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Investors don’t care about big fines, as long as companies still make a ton of money — but all bets are off if revenue growth doesn’t live up expectations. That’s one of the take-aways from the market’s response to Alphabet’s Q1 2019 earnings report Monday afternoon.

Google’s corporate mothership generated revenue of $36.4 billion during the first quarter, compared to $31.1 billion during the same quarter a year ago. Accounting for traffic acquisition costs, Alphabet generated revenue of $29.5 billion. The company’s net earnings for the quarter were $6.7 billion, compared to $9.4 billion a year ago. This translates to earnings per share of $9.50.

Analysts had expected adjusted revenue of $30 billion, and earnings of $10.53 per share. Investors responded to the revenue miss by sending Alphabet’s stock down 6.6% in after-hours trading.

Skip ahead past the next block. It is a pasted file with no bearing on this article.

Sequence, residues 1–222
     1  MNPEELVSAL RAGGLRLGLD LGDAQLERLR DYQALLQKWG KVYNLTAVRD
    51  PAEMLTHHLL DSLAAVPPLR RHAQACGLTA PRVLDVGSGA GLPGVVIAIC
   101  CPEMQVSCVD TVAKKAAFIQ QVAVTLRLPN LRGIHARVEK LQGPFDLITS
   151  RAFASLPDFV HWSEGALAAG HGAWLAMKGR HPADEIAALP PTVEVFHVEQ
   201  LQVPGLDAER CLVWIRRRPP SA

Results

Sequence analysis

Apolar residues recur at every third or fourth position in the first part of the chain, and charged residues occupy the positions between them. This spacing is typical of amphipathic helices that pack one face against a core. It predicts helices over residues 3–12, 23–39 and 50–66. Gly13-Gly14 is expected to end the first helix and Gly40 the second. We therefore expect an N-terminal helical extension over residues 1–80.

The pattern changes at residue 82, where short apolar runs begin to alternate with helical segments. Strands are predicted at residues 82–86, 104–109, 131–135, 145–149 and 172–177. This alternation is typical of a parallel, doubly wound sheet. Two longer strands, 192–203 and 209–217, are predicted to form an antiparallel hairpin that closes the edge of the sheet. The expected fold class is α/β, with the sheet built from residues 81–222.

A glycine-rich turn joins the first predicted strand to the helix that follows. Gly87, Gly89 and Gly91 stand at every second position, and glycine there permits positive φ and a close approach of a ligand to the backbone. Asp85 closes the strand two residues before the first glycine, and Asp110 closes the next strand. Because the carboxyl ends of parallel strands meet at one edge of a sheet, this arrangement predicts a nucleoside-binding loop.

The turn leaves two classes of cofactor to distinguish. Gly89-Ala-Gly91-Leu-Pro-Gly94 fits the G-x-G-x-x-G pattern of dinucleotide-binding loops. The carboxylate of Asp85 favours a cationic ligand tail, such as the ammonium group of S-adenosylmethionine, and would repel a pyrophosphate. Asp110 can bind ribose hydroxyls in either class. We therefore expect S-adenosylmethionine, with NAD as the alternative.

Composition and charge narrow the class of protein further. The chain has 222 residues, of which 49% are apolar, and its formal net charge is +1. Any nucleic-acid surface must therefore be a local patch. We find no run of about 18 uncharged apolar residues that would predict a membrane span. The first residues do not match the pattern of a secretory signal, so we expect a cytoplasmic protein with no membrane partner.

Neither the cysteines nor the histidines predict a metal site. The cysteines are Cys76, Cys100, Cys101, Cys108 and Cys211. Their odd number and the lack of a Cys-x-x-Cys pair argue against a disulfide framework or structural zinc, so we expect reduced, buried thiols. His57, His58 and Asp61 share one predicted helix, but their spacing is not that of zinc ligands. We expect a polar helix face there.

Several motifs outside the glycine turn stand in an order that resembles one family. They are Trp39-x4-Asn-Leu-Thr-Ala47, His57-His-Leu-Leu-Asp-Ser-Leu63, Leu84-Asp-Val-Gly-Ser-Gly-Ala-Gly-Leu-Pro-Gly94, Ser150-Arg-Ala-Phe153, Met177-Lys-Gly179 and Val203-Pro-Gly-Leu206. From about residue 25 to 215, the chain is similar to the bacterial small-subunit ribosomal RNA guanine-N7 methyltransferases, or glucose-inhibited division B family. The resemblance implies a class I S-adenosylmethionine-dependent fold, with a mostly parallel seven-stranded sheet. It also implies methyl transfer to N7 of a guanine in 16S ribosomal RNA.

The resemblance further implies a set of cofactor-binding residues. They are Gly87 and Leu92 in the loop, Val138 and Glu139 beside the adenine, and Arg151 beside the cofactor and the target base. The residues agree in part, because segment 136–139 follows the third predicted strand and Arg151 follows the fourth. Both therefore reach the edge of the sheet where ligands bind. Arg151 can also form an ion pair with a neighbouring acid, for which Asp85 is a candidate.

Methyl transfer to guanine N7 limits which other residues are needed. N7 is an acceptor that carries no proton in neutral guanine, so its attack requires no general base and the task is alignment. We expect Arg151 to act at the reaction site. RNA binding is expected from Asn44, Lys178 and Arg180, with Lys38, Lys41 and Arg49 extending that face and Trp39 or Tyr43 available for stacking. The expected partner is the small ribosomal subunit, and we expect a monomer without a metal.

Alphabet’s net earnings included a one-time $1.7 billion fine issued by the European Union for anti-competitive advertising practices. It’s the third such fine the company has to pay to European regulators.

However, in past quarters, investors more or less shrugged off billions of dollars in fines because of the company’s ability to surpass analyst forecasts. Something similar happened to Facebook, which saw its stock go up by 4% on its Q1 earnings report despite a warning that it may have to pay as much as $5 billion to settle an ongoing FTC investigation.

Google once again grew its non-advertising revenue, to the tune of $5.5 billion for the quarter, but the company apparently took a hit in hardware sales. Alphabet and Google chief financial officer Ruth Porat attributed this to industry-wide promotional activities in response to pressure on high-end phone sales.

Google CEO Sundar Pichai reiterated those remarks, saying that the entire industry was facing “year-on-year headwinds.” However, he also said that Google wasn’t looking to call it quits. We are still in early days, but our commitment is very strong,” Pichai said. “We view this as a hugely important opportunity.”

Porat did call out Home hardware as a segment that has been performing better, and said that the company would have hardware announcements at its Google I/O developer conference next week. The company is expected to announce a more affordable version of its Pixel phones and possibly a second smart display device soon.